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 Edison Mulls Financial Impact Amid Plant Rumors

 Edison Mulls Financial Impact Amid Plant Rumors

Edison Local Board of Education officials said it is too soon to tell how big a hit the district will take in its coffers amid rumors surrounding the potential sale or closure of Energy Harbor’s W.H. Sammis Plant in Stratton.

   School board members discussed the news during the March 17 regular board session at Edison High School but said so far funding matters remain in the clear. Superintendent Bill Beattie said he had yet to confirm the news of the potential shutdown, which is reportedly eyed for June of 2023, with company leaders and until then the district can only wait and see.

   “There are two buckets,” Beattie said. “There’s real estate tax and the public utility property tax. Until they decide what’s going on, we have no clue.”

   While the property tax loss could fall within the $2 million range, officials were unsure how it would impact the public utility tax totals. Beattie said they still need more information to get a better picture of the situation.

  One positive note is the district has completed most of its projects and will not be affected at this time. Updates such as the unified athletic complex at EHS are nearing an end and are already paid.

   On a similar note, Beattie said the complex is edging closer to completion and the softball and baseball fields are ready for play.

   “It’s winding down. We have been practicing and holding scrimmages and they open March 28,” he said. “We’re very excited about everything coming to fruition and getting on the fields to play. We’ve been happy with the construction process and will have very classy facilities.”

   The final piece of the puzzle is the new 1,500-seat gym, which could be finished within the next six weeks. Once it is done, school sports will be fully combined at the Richmond campus along with a multi-purpose athletic field for football, soccer and track as well as a new parking lot. The baseball and softball fields have been located at Jefferson State Lake near Richmond and athletes have held track practice and meets and junior high basketball practice about 10 miles away at Stanton in Hammondsville. Officials said centralizing the activities would improve safety for students and save time for parents who must travel through the area to attend events.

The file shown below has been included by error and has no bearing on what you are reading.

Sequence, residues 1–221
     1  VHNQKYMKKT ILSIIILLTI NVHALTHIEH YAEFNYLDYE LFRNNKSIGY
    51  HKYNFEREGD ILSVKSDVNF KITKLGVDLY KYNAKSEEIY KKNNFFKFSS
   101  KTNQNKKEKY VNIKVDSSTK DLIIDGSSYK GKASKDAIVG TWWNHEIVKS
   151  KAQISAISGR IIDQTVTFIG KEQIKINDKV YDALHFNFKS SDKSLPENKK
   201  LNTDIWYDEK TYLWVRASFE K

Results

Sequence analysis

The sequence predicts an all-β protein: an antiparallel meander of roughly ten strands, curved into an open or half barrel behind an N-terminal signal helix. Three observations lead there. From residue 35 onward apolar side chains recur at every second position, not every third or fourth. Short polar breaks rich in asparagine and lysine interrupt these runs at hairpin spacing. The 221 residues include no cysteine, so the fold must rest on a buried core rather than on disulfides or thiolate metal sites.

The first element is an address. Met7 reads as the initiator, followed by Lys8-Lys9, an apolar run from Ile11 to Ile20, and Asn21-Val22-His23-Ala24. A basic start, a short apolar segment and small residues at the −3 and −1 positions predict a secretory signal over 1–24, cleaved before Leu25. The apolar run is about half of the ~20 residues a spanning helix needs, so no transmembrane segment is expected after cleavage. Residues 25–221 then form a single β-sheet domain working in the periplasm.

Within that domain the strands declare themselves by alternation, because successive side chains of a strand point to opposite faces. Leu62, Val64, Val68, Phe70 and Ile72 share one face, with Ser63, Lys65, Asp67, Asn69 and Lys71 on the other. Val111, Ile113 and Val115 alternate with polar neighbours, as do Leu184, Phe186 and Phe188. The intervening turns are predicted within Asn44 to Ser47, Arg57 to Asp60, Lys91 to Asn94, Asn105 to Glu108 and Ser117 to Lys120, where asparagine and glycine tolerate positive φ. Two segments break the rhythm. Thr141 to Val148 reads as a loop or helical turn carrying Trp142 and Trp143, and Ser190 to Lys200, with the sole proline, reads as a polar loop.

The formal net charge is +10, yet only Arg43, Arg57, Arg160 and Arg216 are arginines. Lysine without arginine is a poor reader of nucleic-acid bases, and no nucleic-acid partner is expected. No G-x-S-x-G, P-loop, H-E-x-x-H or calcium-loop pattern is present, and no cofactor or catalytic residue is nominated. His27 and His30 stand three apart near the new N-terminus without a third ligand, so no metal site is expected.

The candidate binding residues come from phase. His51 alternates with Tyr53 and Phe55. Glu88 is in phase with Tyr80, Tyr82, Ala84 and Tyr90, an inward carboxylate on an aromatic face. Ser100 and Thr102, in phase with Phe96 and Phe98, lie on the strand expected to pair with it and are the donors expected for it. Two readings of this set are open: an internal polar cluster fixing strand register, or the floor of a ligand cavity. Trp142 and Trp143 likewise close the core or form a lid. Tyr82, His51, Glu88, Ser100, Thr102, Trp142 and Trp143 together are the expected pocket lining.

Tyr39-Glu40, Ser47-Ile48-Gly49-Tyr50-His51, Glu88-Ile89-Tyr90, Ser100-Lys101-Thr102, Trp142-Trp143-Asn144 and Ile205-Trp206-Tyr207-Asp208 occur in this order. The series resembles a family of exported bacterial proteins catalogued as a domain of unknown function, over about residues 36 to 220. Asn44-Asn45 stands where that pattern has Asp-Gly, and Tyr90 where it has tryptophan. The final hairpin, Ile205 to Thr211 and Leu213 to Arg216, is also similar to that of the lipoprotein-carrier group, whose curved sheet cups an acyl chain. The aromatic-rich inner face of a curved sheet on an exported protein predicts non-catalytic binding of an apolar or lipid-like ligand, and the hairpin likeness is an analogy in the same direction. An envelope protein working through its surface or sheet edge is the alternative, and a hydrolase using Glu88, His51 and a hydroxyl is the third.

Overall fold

Now, leaders are looking to create a 1.5-mile nature course on the exterior of the school property. The site will run behind the football field, into the woods and to the new fieldhouse. Beattie said a request for qualifications (RFQ) has been filed and an architect and engineering firm could be selected by the next meeting.

   Among other business, the board:

–Approved the resignation of Elizabeth Bufkin, multi-handicapped aide at Stanton Elementary;

–Accepted the resignations of Gretchen Yanssens and Lori Potkrajac-Roberts for retirement purposes effective June 1 and Aug. 1, respectively;

–Placed Jim Zorbini on the bus driver sub list retroactive to March 4;

–Approved a memorandum of understanding and transition agreement between Family Children First Council, Columbiana County Head Start and Jefferson County School Districts regarding services for children with disabilities;

–Accepted a $500 donation from Joe and Lisa Bruzzese for the Sheriff Fred J. Abdalla Scholarship; $3,000 from the Charles and Thelma Pugliese Foundation for scholarships; and $100 from the McBane Insurance Agency for John Gregg Elementary student needs;

–Approved Derek Peck and Melaina LeMasters for the substitute teachers’ list and Vicki Casto as aide/secretary at John Gregg on the non-certified sub list; –Set the next meeting for April 21 at 6 p.m. at John Gregg.

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